April Blog Mindful Walking
It has been a few months since my previous blog. The year seems to be going very quickly and our Easter break has come at a very opportune time.
Wile continuing the theme of mindfulness I thought I would write about the value of mindful walking. The mindfulness of walking is an important component of Mindful Training. With mindfulness you practice formally and informally. The formal practice supports the informal practice and vice versa. As we bring our practice to the walk we continue the practice where ever we are.
Walking has been proven scientifically to be very beneficial for health and well being. I regulary walk and have that walking as been one of my most important tools of combating low mood and stress. I am aware that when we are faced with changes in our routines this can result in anxiety, low mood and, depression.
When my mother was dying of alzeimers we would walk slowly together and she would often berate me for walking too quickly for her so I would have to deliberatlely slow my walking down to match her speed. Now I am faced with a similar challenge as I take my aging labroador for a walk. Sadly she cannot walk as quickly as she used to but none the less she wants to go for a walk. So I am beng forced to walk mindfully each morning with her and for her. Slowly and deliberatlely and mindfully we now walk around the block. Initially it was very frustrating but now I have come into a bit of a rhythm with her and I am reminded of the mindful walk we all need to take when we care for our elderly. And perhaps the mindful walk we will all take as we prepare for the end of our life.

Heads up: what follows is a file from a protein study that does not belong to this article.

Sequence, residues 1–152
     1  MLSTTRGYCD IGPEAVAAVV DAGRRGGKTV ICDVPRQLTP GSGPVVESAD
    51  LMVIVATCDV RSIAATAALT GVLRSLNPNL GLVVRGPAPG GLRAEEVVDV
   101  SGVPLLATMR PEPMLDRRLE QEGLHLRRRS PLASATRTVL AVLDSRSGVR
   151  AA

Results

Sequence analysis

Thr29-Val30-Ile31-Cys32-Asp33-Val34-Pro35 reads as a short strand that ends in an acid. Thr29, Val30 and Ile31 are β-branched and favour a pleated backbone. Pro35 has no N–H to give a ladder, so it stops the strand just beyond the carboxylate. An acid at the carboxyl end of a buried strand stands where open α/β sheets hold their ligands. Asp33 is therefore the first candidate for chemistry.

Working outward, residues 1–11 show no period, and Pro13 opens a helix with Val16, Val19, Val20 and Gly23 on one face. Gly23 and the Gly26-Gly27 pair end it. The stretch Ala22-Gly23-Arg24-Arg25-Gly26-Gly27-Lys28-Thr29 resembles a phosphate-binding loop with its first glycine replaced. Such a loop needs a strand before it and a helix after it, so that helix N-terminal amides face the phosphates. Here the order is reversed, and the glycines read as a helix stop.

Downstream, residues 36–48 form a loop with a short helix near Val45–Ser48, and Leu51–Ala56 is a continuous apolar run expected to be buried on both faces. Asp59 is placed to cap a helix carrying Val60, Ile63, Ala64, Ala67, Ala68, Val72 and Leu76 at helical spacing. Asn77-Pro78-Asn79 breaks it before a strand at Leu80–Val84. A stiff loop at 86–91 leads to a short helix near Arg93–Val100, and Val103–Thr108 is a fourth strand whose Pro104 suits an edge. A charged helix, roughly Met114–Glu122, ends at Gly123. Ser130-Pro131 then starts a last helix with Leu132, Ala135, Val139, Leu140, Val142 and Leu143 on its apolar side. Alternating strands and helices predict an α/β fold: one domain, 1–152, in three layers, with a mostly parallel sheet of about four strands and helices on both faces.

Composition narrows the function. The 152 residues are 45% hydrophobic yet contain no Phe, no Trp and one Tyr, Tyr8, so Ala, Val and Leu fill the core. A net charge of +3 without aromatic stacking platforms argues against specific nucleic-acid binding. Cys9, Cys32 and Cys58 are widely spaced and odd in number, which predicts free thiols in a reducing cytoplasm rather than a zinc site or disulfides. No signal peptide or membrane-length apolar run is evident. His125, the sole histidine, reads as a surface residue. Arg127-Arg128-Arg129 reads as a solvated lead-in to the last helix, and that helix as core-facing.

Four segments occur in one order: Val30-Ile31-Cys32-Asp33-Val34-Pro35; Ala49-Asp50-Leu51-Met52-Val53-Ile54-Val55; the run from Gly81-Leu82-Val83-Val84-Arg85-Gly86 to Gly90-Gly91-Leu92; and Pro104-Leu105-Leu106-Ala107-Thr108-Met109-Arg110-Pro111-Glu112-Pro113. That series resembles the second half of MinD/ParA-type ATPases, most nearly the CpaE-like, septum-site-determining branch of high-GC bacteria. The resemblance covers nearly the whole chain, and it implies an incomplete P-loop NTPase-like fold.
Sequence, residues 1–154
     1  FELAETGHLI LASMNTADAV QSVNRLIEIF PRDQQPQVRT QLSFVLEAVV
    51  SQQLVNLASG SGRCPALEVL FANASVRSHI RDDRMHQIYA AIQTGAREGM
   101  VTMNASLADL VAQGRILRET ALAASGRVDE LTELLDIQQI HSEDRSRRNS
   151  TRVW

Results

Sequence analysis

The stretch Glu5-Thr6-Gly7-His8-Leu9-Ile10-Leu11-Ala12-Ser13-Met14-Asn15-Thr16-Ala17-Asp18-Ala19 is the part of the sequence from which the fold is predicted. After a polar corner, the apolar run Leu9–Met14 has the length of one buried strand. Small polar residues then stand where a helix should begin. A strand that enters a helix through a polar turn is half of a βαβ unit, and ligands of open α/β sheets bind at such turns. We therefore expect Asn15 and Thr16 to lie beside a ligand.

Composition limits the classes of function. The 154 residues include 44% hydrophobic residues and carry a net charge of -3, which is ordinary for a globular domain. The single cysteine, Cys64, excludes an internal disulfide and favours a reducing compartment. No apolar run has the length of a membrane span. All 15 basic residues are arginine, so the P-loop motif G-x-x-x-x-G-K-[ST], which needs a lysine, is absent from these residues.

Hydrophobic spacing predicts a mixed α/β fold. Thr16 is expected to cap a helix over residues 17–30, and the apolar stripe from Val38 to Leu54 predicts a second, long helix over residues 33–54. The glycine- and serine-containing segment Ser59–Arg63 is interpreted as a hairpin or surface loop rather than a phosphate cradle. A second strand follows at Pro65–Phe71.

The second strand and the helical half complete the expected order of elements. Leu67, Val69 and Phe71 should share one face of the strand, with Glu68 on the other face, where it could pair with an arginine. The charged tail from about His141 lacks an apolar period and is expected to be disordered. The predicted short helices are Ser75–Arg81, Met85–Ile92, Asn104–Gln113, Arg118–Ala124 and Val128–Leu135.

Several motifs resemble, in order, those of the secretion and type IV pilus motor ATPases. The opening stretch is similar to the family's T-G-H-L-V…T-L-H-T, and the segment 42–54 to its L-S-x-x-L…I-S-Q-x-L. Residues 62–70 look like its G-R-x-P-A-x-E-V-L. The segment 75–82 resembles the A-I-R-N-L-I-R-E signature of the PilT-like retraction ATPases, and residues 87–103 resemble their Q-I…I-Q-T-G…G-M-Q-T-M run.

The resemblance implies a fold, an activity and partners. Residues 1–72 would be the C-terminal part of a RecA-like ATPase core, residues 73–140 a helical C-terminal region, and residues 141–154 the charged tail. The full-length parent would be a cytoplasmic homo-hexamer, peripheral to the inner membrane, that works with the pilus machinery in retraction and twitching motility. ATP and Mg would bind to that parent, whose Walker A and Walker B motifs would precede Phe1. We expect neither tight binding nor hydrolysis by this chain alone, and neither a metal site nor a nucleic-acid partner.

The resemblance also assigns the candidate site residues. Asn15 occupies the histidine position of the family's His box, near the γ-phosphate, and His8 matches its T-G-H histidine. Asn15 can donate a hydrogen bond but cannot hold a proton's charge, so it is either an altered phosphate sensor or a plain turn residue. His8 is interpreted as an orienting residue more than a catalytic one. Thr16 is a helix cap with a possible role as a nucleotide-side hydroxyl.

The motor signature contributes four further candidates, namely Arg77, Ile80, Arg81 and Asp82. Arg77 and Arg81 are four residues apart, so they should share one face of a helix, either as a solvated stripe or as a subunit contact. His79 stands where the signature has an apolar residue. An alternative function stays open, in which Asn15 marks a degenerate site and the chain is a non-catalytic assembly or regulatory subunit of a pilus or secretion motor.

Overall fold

The first step to walk mindfully is to be aware of the soles of the feet on the ground and practise what is called a standing yoga or mindful standing. Being aware of your breath, your body and your feet on the ground. You then slowly take steps being aware of the first movement forward followed by the next. Aware of the breathe and the movement of the spine.
After a while you become very present and aware. Your thoughts seem to slow down and you become more aware of sounds and smells. The morning walk with Jazz is certainly not an aerobic exercise at present but it is an opportunity to stay focused, connected and be compassionate.
My dog Jazz has also shown me that we all age and slow down but we do not need to stop. As we age we can stay connected to the community and the environment and the practise of walking mindfully can be one way of staying active, present and aware.